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Billboard's #1 Pop Singles


Max

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And of course... here's Heartbreak Hotel sung live, in one of the best performances... from the 1968 NBC special. I like Elvis to some extent, but I was also dissapointed in how much he domainted the charts in the late 50's. I like more ecclecticism when it comes to music, and when one artist domaintes so strongly, I tend to get tired of them after a while.

http://www.youtube.com/watch?v=olqe-JnHzjU

Its' certainly a testament to his charisma that he could stop a song right in the middle, announce he's out of breath, and pull something like that off. Not many could do that. One little tidbit about Elvis is that Colonel Tom Parker would always insist that any song Elvis recorded as a single, he would get half the publishing rights. He approached Dolly Parton in 1975 requesting to record "I Will Always Love you", and as ususal, the Colonel informed her that he would only record it if she signed over half of her publishing rights. She was excited at first that Elvis wanted to record her song (she was a star by this time, but not the MEGA star she would later become) and she politely turned him down. She stated that the song had already proven itself to be a hit, since she took it to the #1 spot on the country charts in 1974, so she would never sign away any of the publishing rights. And it was a wise move, considering what happened with Whitney Houston later on, Dolly said if she had given in to the Colonel's request, it would have cost her over 2 million dollars.

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Alphanguy, in the 1968 NBC special that you posted, Elvis also once referred to "Heartbreak Hotel" as "Heartbreak Motel"! While I am a Presley fan, I agree with your sentiment that it is never a good thing when an artist is so dominant on the charts. By the way, thanks for sharing that story regarding Colonel Tom Parker (which I never before knew). Parker was very effective and ruthless, and he even "forced" Elvis into making more and more movies long after he got tired of doing them. (It wasn't until the very late-60's that Elvis rebelled against Parker and said enough was enough, as far as moviemaking was concerned.)

Qfan, thank you for shedding insight as to who composed the theme to "Family Affair."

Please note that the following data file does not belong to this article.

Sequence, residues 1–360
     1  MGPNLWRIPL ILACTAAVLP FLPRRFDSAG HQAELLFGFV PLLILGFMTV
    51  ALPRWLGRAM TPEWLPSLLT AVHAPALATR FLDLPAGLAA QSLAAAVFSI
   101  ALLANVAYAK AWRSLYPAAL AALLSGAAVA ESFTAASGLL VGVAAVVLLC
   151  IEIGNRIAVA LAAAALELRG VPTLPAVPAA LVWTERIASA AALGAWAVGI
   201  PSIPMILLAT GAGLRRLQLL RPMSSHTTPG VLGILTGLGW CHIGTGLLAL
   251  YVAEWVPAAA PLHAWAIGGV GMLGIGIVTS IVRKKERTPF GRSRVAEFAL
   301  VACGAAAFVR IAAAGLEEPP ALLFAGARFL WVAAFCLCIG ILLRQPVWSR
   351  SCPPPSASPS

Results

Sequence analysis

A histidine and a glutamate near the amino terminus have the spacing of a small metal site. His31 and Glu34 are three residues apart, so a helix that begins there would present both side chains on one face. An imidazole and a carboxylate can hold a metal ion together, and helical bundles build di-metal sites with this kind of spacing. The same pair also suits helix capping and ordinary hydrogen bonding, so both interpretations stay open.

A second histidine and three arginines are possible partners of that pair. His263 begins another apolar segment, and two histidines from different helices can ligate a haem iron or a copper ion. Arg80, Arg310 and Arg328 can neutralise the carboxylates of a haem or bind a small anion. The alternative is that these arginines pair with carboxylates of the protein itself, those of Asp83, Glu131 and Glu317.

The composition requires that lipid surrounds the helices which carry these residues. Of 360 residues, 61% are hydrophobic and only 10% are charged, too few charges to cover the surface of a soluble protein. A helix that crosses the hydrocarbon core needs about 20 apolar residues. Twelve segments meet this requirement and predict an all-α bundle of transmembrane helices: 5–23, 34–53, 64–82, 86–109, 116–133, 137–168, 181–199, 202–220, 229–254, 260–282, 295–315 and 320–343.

Carl, "Heartbreak Hotel" certainly does have one of the most well-known intros of any rock and roll song. The only other record intros that I can think of which may have similar recognition are those of "In the Still of the Night" (shoo-doo-shoo-be-doo) and the guitar intros to "Johnny B. Goode" and "(I Can't Get No) Satisfaction."

"Heartbreak Hotel" was knocked out of the #1 position by "The Wayward Wind" by Gogi Grant. This song spent six weeks at the top spot: the weeks ended 6/16/56, 6/23/56, 6/30/56, 7/7/56, 7/14/56, & 7/21/56.

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Gogi Grant's real name is Audrey Arinsberg Brown. Her only other top 40 hit was "Suddenly There's a Valley," which peaked at #14 in 1955. At the present time, Ms. Grant is 87 years old.

"The Wayward Wind" was the number one song when GL had its final radio episode on 6/29/56.

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I always thought the Wayward Wind sounded like it belonged in a soundtrack for a John Wayne movie or something. It's ok... but never really rung my chimes. She held up pretty well, though... here she is singing it live at the age of 79:

http://www.youtube.com/watch?v=SUx5QuIRwNY

Why would she change her name? Audrey is MUCH prettier than GOGI... Gogi sounds like a name that a japanese person would give their dog or something.

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I also feel the same way about "The Wayward Wind" as you two do: its never been a song I've cared for. And in regards to the singer's name change, her first stage name was actually Audrey Grant (and not Gogi Grant). Ms. Grant's record label's owner changed her first name to Gogi apparently because he frenquently ate lunch at a NYC restaurant called Gogi's La Rue. (However, the record owner himself--Dave Kapp--claimed that the name "Gogi" came to him in a dream.)

Elvis Presley's second #1 hit was "I Want You, I Need You, I Love You," which spent one week at the top: the week ended 7/28/56.

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"I Want You, I Need You, I Love You" was the first Presley chart-topper to feature background vocals by the Jordanaires. This very talented group sang on just about every Elvis record until the late-60's, and really added a lot of atmosphere to his songs.

IMO, "I Want You, I Need You, I Love You," is also my very favorite Elvis tune, and deserved to spend far more than one week at #1.

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Carl... that ad just made me think of how you used to be able to buy paper towels and toilet paper in colors to match your room. It depresses me how everyone has become so assimilated that everything is alike. That GM commercial had such a snappy jingle. But back to Elvis... I like "I Want You, I Need You, I Love You" much better than Heartbreak Hotel. I feel it deserved to be the bigger hit.